Reblogged from source with thanks;
Newspaper NOW-Exposed: Mr Sin The Abe Saffron Story
Thursday, 26 September 2013
Mr Sin The Abe Saffron Story
The Kings Cross Sting Study notes for Juanita Nielsen Sex Truth or the Book of Lies references.
Gentle Satan By Alan Saffron
Rabbi Kastel performed the funeral.
Pall bearers Victor Bogan, Michael Moshos.
Accountant Maxwell Cowley
Page 63 “The cross was deemed my father’s territory by the police and licensing authorities, and they made it extremely difficult to open a strip club, bar or nightclub without going through him first.
The rare club licences granted to others required a consideration paid to my father.”
Abe Saffron bought the Appin an apartment building in Kings Cross he put Chris Ellis in charge.
Lodge 44 run by Tom Delaney. 3 rooms were converted in to Abe Saffron’s office.
Now, there is a link to the Lodge and numbers 44?
Thru out the 60’s this was utilised.
Abe Saffron 109 Hopetown Avenue.
Page 110 by my understanding is Abe Saffron through out the mid seventies was known as The King of the Cross, fed right into his ego.
Page 133 Just a story about Juanita Nielsen.
Juanita Nielsen went missing on the morning of 4 July 1975, when she was last seen visiting the Carousel Club for an appointment to sell advertising space in her weekly community newspaper NOW.
Anderson was very smart and sent his son that morning to the airport, where he had booked a ticket to Queensland.
The son used his dad’s name to board the flight and again to check into a Brisbane hotel.
For all appearances, Anderson had set up a perfect alibi, because as there was no confirmation of who was travelling in those days, a cursory police check verified his story.
Meanwhile, according to the word on the street, Eddy Trigg and Anderson’s adopted stepson Shane took Juanita by force to a motel in North Sydney near the Harbour.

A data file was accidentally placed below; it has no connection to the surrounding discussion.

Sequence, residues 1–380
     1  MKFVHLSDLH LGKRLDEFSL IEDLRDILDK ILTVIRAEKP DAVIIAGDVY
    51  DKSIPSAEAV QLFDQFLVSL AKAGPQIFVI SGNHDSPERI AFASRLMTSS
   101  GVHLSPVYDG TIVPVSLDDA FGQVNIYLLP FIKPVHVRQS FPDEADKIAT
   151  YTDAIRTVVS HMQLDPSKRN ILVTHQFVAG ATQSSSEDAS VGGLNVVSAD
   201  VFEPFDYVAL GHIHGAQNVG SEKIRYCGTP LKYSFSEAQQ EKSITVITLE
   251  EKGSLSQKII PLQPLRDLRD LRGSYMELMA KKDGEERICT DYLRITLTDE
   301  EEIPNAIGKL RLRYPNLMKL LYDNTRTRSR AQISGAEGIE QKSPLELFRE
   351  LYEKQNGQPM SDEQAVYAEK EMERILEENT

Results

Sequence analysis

Anderson, Theeman and a police friend of Jim’s were waiting at the motel, where Frank offered Juanita a substantial amount of money to back off in her attacks about his redevelopment.
Naturally, Juanita was extremely angry about being kidnapped and started to scream at the top of her voice. Jim overreacted and hit her very hard, casuing her to smash her head on a glass coffee table, which instantly killed her.
Theeman and the policeman quickly ran from the room, leaving Anderson alone to take care of the corpse.
Shane and Eddy had already been told that they could leave as their job was only to deliver Juanita to the motel and keep her quiet, which they did until the others arrived.
They were eventually charged and found guilty solely of conspiracy for their involvement in the crime of kidnapping Nielsen.
Alone, Anderson came up with the only solution he could think of at the time- he told me he secretly bundled Juanita Nielsen’s body into the trunk of his car and drove to a deserted place, cut her into pieces and put the body parts into sealed plastic bags with weights in each.
Later that evening, he went out in a small boat and disposed of her remains in Sydney Harbur.
Anderson clearly wanted me to know what he had done because he knew I would tell my father and it would serve as a warning of what he was capable of.
Later, he boasted to my father directly of his dastardly deed and said that if my dad ever interfered in his business he might end up like Juanita.
My father finally confirmed the story as told to him by Anderson when we talked at length in the hospital before he died.
He even confessed that for the first time it had made him a little scared of Andersn’s threats.
Considering also Jim’s boasts that he took care of “the problem”, I am satisfied that this describes the unfortunate fate of Juanita Nielsen.